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COLLEEN MCKEE v. MICHAEL P. EVANS (11/30/88)

filed: November 30, 1988.

COLLEEN MCKEE, A MINOR BY RUTH MCKEE, HER PARENT AND NATURAL GUARDIAN, AND RUTH MCKEE IN HER OWN RIGHT, APPELLANTS,
v.
MICHAEL P. EVANS, RAYMOND P. LINDEN AND MARK H. TRECKI. MARGARET CARROLL, A MINOR, BY OLIVE CARROLL, HER PARENT AND NATURAL GUARDIAN; AND JACQUELINE CARROLL, A MINOR, BY OLIVE CARROLL, HER PARENT AND NATURAL GUARDIAN; AND OLIVE CARROLL, IN HER OWN RIGHT, V. MICHAEL P. EVANS, RAYMOND P. LINDEN AND MARK H. TRECKI. APPEAL OF MARGARET CARROLL. RICKY JOSEPH WAITE, APPELLANT, V. MICHAEL P. EVANS, RAYMOND P. LINDEN AND MARK H. TRECKI



Appeal from the Judgment of the Court of Common Pleas, Allegheny County, Civil Division, at No. GD 82-9245. Appeal from the Judgment and Order of the Court of Common Pleas, Allegheny County, Civil Division, at No. GD 82-05374. Appeal from the Judgment of the Court of Common Pleas, Allegheny County, Civil Division, at No. GD83-938.

COUNSEL

J. Kerrington Lewis, Pittsburgh, for appellant at No. 00644PGH86.

John A. Caputo, Pittsburgh, for appellant at No. 00691PGH86.

John W. Jordan IV, Pittsburgh, for appellee Michael P. Evans.

Brosky, Wieand, McEwen, Olszewski, Beck, Tamilia, Kelly, Popovich and Johnson, JJ. Beck, J., files a concurring opinion. Wieand, J., files a concurring statement in which Olszewski, J., joins. Tamilia, J., concurs in the result.

Author: Brosky

[ 380 Pa. Super. Page 125]

These are consolidated appeals from judgments entered on verdicts after appellants' post-trial motions were denied, as well as from an order granting a new trial limited to damages.

Appellants, Colleen McKee (hereafter "Colleen"), Margaret Carroll (hereafter "Margaret") and Ricky Joseph Waite (hereafter "Ricky") contend that the trial court erred in not granting them a new trial on both liability and damages.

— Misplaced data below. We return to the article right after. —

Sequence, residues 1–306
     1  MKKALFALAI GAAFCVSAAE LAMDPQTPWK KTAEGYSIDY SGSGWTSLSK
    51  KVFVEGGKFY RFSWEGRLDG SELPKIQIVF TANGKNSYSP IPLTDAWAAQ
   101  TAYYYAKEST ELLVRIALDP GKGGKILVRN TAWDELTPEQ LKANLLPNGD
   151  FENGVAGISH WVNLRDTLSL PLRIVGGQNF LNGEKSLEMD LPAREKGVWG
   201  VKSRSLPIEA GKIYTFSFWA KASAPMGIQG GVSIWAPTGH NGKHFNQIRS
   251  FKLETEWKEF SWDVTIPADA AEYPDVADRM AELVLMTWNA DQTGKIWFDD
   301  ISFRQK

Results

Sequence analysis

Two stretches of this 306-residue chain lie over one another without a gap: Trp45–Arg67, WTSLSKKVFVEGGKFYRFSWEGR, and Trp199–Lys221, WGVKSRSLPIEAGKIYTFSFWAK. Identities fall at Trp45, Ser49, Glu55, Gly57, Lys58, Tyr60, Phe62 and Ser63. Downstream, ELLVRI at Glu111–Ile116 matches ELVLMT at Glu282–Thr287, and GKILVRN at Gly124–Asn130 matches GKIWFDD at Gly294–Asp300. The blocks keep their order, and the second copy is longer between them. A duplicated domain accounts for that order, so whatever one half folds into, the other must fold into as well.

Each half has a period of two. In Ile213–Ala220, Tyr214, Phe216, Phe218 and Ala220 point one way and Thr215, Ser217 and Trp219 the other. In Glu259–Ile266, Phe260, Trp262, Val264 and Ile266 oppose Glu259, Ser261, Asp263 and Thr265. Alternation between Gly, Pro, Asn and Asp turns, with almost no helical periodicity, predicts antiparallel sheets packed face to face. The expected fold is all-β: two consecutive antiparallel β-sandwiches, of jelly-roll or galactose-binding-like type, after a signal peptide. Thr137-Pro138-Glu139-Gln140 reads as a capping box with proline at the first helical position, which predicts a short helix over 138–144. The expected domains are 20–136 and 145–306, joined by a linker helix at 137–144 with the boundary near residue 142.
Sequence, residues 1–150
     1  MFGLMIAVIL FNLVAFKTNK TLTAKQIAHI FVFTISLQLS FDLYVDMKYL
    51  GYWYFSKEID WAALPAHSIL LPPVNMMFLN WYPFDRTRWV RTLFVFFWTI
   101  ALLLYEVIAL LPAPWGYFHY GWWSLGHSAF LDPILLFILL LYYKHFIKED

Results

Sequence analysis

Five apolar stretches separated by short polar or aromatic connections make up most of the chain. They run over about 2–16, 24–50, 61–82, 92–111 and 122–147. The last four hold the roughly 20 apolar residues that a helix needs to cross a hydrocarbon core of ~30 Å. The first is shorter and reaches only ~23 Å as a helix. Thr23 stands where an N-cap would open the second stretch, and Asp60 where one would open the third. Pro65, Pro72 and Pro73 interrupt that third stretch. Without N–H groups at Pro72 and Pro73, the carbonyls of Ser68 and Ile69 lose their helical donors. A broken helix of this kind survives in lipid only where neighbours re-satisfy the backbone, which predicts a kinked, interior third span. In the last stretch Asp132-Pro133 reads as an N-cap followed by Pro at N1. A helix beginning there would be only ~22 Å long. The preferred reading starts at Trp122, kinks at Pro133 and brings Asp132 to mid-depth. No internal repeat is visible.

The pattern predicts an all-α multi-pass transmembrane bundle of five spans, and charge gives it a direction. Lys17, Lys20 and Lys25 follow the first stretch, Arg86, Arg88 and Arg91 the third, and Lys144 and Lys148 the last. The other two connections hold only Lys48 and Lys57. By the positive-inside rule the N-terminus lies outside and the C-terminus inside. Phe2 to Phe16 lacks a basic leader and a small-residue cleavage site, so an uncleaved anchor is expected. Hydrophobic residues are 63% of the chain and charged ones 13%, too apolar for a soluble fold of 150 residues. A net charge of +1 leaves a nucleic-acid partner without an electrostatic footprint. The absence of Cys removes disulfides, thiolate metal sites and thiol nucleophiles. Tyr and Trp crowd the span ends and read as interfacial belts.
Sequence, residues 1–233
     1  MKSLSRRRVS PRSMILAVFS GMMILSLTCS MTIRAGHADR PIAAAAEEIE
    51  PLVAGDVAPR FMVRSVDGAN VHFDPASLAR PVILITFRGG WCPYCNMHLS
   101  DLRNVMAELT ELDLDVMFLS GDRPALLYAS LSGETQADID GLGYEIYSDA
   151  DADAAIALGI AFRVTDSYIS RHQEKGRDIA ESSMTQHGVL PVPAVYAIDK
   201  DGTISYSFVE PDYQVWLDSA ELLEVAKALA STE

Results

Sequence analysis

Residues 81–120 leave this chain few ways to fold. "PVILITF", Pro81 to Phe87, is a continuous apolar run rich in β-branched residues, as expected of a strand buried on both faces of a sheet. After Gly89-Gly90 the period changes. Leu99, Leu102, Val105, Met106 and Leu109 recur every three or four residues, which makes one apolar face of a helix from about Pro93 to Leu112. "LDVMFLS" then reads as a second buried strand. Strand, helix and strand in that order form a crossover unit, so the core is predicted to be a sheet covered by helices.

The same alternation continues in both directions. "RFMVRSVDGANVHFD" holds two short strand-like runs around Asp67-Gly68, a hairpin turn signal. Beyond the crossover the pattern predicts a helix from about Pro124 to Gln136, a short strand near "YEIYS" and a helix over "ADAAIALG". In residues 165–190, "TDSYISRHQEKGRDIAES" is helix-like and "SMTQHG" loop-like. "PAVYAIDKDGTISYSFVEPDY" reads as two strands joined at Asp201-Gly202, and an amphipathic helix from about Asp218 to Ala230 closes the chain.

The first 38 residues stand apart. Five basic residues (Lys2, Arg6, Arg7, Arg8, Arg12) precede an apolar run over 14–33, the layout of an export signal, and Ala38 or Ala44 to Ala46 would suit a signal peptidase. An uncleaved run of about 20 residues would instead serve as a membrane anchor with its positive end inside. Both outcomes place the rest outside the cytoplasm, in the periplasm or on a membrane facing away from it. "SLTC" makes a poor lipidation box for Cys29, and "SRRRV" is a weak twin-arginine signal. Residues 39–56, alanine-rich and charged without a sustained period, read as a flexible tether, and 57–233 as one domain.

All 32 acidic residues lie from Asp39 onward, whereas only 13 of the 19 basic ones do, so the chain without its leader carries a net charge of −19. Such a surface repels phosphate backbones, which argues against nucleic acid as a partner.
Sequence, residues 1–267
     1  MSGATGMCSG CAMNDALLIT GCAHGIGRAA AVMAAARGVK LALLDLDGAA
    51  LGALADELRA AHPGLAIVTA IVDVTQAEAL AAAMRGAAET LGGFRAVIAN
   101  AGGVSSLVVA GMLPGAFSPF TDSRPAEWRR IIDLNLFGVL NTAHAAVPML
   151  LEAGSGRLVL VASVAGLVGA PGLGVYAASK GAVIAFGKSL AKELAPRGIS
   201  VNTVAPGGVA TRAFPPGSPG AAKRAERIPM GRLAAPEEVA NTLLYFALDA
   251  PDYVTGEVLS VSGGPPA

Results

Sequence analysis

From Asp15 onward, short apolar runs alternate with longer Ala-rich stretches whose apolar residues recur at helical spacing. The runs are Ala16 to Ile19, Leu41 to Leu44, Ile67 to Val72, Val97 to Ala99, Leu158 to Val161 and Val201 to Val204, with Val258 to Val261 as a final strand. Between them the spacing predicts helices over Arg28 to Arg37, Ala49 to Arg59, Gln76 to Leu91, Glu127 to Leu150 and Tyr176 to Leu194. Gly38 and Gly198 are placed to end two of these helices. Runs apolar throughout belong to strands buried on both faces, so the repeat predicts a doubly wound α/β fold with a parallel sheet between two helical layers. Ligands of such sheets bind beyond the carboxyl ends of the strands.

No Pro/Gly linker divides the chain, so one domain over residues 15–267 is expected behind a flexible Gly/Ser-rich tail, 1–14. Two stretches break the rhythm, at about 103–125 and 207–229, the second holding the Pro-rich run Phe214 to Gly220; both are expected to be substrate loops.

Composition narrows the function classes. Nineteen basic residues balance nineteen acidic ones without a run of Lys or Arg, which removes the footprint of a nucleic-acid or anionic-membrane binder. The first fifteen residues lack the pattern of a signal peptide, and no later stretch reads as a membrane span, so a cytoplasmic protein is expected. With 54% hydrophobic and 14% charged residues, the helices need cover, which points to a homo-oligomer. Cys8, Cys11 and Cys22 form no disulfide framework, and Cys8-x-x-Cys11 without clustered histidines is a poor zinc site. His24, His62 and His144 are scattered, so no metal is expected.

[ 380 Pa. Super. Page 126]

Their specific representations before the court en banc concern the alleged erroneous admission of a police officer's testimony relative to the point of impact of a head-on collision between two of the three involved motor vehicles and the trial court's purportedly faulty instructions to the jury that the police officer's testimony on point of impact was based solely upon location of debris at the accident scene.

Appellants secondly challenge the trial court's charge to the jury on the applicability of the sudden emergency doctrine with respect to appellee, Raymond Linden (hereinafter "Linden"), whose negligence the jury found not to be a substantial factor in causing the subject collision.

We also address the issue of propriety of admitting testimony of Mark Trecki concerning his alcohol consumption prior to the accident in question.

Because we conclude that the trial court erred in instructing the jury on the applicability of the sudden emergency doctrine to this case, we vacate the judgments entered on the verdicts as well as the order granting a new trial on damages and remand for a new trial on both liability and damages as to all parties.*fn1

The operative facts giving rise to the accident which is the subject of the instant appeal are as follows:

[ 380 Pa. Super. Page 127]

On November 28, 1981, after returning from a trip to the Meadows racetrack with his girlfriend, Arlene Herman (hereafter "Arlene") and another male friend, Linden drove that friend home and then took Arlene to his (Linden's) parents' home. Linden then drove Arlene to her parents' residence, where she also lived. He parked in front of Arlene's home at approximately 2 a.m. At that time, Arlene's parents were at home. After a minute or two, and while Linden and Arlene were still in the vehicle which Linden had been operating and had then parked in front of Arlene's house, Michael Evans (hereafter "Evans"), Arlene's estranged boyfriend, came up the street in his Jeep towards the parked car in which Linden and Arlene were seated. When Arlene saw Evans, she identified the latter as her former boyfriend and told Linden "to get out of there." N.T. 786. Linden had not known that the occupant of the Jeep was Evans prior to Arlene informing him of that fact.

Linden had at first decided to drive around the block, hoping that Evans would leave. Instead, this incident began a ten-to-fifteen minute, ten-mile pursuit of Linden by Evans through the West End of the City of Pittsburgh. During this time, Evans kept bumping the rear of Linden's car and flicking his high beams on and off. Evans also attempted to pass Linden on the latter's left. However, Linden would not allow Evans to pass him because he (Linden) was afraid that if Evans succeeded in passing, Linden would rear end Evans.